I mounted the bike Arnie had bought for himself 15 years ago. Tammie got on the one he’d bought for me at the same time. Seeing no approaching cars on the road, we peddled out the driveway. My entire yard slopes toward the river, so it follows the road in front of my place does the same. Enjoying the cool evening breeze, we coasted downhill across the Little Eau Pleine River bridge.
My daughter and I peddled the next quarter mile in companionable silence. Two deer stepped out onto the road and stood gawking at us. I said, “They won’t survive long if they stop and stare at approaching cars like this!”
Tammie called out, “Go back where you came from.” As if heeding her words, the two animals leapt gracefully off the road to disappear into the dense roadside growth. Turning to me, my daughter said, “By the way, I’ve decided to return to my home in Saint Paul next week.”
From the beginning of our quarantine, I knew Tammie would eventually go back to her own home. The irony, of course, is COVID 19 hasn’t gone away, but spread to even more places now, than at the beginning. The new normal is masks, social distancing and chapped hands from frequent washing. Continue reading
Several tall trees shaded the picnic table where my high school friends and I were sitting. Hot rays of sunshine baked the nearby sidewalk, but a cool breeze playfully ruffled our hair. One of the girls took a drink from her can of pop. The minute she set it back on the table, an insect appeared and hovered over the can. She screamed and all three girls who were with me jumped to their feet. Staying where I was, I calmly reminded them, “The bee is after the sugar, not us.”
One girl exclaimed, “If a bee goes into the pop can and we take a big drink, we could accidentally swallow one!”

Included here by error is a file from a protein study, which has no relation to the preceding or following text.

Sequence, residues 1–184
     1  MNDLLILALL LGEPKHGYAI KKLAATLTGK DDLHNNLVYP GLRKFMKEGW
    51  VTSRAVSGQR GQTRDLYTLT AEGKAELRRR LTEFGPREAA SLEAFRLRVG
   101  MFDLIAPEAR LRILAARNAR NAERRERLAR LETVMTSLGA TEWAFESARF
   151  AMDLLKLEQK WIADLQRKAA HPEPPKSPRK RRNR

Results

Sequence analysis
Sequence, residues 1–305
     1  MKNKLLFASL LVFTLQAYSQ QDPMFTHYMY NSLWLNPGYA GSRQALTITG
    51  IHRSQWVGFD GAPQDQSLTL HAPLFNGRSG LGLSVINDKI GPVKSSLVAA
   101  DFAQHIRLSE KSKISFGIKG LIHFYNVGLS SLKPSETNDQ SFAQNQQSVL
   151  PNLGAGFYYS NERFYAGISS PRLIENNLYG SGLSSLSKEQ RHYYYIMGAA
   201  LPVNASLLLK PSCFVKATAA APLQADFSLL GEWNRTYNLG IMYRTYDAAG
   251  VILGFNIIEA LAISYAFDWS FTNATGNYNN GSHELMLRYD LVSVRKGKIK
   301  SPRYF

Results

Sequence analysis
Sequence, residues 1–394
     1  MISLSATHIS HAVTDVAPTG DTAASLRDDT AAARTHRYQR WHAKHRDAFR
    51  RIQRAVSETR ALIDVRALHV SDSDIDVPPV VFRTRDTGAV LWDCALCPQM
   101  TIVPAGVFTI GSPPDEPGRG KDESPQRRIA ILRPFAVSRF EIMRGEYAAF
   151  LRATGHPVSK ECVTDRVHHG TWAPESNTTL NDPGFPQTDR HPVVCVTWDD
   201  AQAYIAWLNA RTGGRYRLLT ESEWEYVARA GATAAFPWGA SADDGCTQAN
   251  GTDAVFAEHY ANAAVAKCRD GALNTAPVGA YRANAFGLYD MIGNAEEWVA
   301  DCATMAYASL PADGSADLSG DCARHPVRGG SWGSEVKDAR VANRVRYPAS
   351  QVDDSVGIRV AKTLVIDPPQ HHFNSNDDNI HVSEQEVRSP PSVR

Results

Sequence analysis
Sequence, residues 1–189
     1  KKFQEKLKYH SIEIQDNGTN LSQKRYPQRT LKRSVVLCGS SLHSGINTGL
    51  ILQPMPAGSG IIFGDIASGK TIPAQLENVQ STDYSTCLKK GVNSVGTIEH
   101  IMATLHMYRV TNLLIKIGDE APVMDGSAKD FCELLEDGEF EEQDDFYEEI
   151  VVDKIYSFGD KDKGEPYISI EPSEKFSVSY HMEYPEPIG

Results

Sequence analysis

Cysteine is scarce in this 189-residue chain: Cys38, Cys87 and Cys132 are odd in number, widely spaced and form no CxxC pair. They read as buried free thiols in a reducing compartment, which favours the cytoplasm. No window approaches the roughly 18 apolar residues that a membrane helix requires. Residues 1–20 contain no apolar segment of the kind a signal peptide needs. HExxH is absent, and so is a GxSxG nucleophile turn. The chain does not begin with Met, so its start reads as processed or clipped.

Another girl asked with a shudder, “Would it sting us on the insides?”
Bees and wasps never frightened me. I had the benign belief that if you leave them alone, they would leave you alone. My wry quip always was, “Panic makes them see you as a pincushion.”
Although there are many wasp nests in my yard, deck and buildings, before the year 2013 I can only remember two times that wasps stung anyone in my family. The first time was on a Sunday afternoon when Niki and Tammie were small. A nest in the garage was disturbed when we arrived home from a picnic. A wasp stung Arnie on his left ear. It hurt so badly he laid on the sofa for an hour or two with an ice pack. The second time was when ten-year-old Niki disturbed a nest behind the garage. The two stings on her leg were very painful, but by evening, only showed as slightly red, irritated spots. I concluded that wasps were unpleasant, but no big deal. Continue reading
Sun-dappled shade blanketed the woodland floor. Green ferns peeked through last year’s papery fallen leaves. We heard the rustle of small feet scampering and the sleepy call of a bird in the tree tops. Along the trail, ferns stood guard over a slumbering, moss-covered log.
Ahead of us, we saw a sun-filled clearing. Stepping into the sun made me squint. Cleared by man, the woodland corridor allowed poles topped with electrical wires to march through the property. The path diverged at this point. A map mounted on a post showed different route options.
The path to the left would take us directly back to The Clearing’s campus schoolhouse. The path to the right would meander further from the campus, but eventually bring us back to the schoolhouse, too. Glancing at Tammie, I asked, “Which path do you want to take?”
My daughter stated, “I want to take the one to the left.”
When my daughter Tammie and I visit The Clearing for a vacation, we take classes to learn new crafts or perfect crafts familiar to us. This year, because of COVID 19, classes were canceled, but the venue remained open for self-directed retreats. We decided to go. A handful of other people had done the same. Consequentially, the campus was strangely empty and quiet. Following the hiking paths on the 128-acre campus, we found the less traveled paths were not as trampled or easy to follow. Continue reading